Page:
If you create an analysis yourself, make sure that it is easily verifiable. Explain your estimates, provide details for your assumptions, and source any data points that are used.
Put all the information out there for an investor to come to the same conclusion.
For example, if we make the claim that our CRM software for small B2B businesses is a significant improvement over the existing software, then we can take that market as our total addressable market.
5. Competition and alternatives
For almost every problem your customer will have a number of possible solutions.
Make sure to understand the entire competitive landscape. If the investor can find more relevant competitors with just a Google search, it will reflect badly on you.
Provide a good overview of who the direct competitors are, what the adjacent markets are, who the possible entrants are, and what the possible substitutes are.
Also clearly define where you differ from others and why you should win this competitive battle.
Refrain from doing a feature by feature comparison and instead focus on differences on the level of strategy and focus, things that last beyond the next major product update.
6. Business model and strategy
This section is all about explaining why you are potentially running a hugely profitable business.
Explain to investors how you plan to make money. Use current unit economics but also clearly indicate how they can change in the future. You need to sell them on the future potential and use your current metrics to establish confidence.
Start off by answering the following questions:
- How have you acquired customers in the past and how will you in the future?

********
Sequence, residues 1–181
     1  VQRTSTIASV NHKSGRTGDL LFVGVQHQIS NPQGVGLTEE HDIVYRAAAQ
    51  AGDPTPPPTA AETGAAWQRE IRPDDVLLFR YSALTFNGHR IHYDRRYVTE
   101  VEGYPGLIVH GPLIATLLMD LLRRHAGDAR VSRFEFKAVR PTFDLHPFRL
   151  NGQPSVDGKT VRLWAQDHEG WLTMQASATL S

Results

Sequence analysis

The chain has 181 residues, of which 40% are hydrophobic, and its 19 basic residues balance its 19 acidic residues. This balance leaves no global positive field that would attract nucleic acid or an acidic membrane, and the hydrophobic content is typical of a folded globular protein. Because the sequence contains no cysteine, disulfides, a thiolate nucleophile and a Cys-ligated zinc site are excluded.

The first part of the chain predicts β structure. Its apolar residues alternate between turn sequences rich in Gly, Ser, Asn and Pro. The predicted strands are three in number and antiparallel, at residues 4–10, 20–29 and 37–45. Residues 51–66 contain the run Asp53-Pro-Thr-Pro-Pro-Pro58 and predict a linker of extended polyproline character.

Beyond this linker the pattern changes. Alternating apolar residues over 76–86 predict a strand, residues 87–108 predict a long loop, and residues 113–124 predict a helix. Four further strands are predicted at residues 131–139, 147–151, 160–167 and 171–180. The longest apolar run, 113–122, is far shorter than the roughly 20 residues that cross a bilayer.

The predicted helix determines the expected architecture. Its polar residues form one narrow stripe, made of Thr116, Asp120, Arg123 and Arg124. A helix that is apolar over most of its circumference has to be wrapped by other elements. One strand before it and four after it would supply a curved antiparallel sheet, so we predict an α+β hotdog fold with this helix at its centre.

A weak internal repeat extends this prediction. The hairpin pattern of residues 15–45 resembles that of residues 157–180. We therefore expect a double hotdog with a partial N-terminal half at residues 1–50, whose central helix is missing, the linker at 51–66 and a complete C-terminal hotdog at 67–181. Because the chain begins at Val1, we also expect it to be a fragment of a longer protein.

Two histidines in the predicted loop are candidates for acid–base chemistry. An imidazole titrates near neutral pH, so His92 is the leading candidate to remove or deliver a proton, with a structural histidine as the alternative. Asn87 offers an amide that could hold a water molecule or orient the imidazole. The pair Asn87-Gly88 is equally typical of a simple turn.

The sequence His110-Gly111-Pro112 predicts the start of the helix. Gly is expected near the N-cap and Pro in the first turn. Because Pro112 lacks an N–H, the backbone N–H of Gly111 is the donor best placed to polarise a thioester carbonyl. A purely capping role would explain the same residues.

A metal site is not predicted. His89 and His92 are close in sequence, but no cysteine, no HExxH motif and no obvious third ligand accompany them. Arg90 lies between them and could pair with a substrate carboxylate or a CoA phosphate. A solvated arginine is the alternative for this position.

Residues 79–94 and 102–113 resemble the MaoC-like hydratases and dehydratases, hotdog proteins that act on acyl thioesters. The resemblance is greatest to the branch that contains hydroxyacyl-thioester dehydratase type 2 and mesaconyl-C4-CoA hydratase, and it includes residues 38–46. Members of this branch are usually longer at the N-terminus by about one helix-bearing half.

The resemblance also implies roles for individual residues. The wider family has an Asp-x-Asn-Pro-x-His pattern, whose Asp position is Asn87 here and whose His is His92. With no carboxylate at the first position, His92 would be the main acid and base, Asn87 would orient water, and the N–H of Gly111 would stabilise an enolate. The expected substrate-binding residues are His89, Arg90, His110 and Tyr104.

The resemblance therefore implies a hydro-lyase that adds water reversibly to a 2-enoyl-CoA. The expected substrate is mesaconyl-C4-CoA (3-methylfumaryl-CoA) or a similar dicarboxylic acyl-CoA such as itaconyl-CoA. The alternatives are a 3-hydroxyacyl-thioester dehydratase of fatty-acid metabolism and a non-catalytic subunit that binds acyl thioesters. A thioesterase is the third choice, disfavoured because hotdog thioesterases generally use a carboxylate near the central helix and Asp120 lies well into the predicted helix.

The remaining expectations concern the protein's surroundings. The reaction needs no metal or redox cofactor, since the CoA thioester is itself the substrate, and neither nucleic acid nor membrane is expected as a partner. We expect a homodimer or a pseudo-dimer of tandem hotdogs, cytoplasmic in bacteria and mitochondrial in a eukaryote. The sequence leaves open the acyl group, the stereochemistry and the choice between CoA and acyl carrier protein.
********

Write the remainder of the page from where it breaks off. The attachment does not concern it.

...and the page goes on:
- Where did you find your previous customers and what have been the associated costs (acquisition costs)?
- What are your conversion rates?
- How many customers continue working with you (or the opposite: churn)?
Also clearly illustrate the plans for growth going forward.
Will you increase your sales and marketing team, penetrate new markets, or upsell current customers?
This is the place to clearly and concisely explain it all.
It is time to show your team.
Investors are looking for the right team to execute. Include bullets on previous achievements and complementary skills to strengthen your point.
You can possibly also add key positions that you are looking to fill.
8. Metrics and historical financials
Depending on the stage of your company and your recent performance, it can make sense to include some metrics and historical financials in your deck.
The key thing to show here is your positive momentum and traction.
This slide should not just be a copy of your spreadsheet but should grab the attention of the investor to the relevant line items or metrics that prove your thesis.
If you decide to use a graph, make sure that it is well formatted to support your point, but refrain from being too creative with the axis.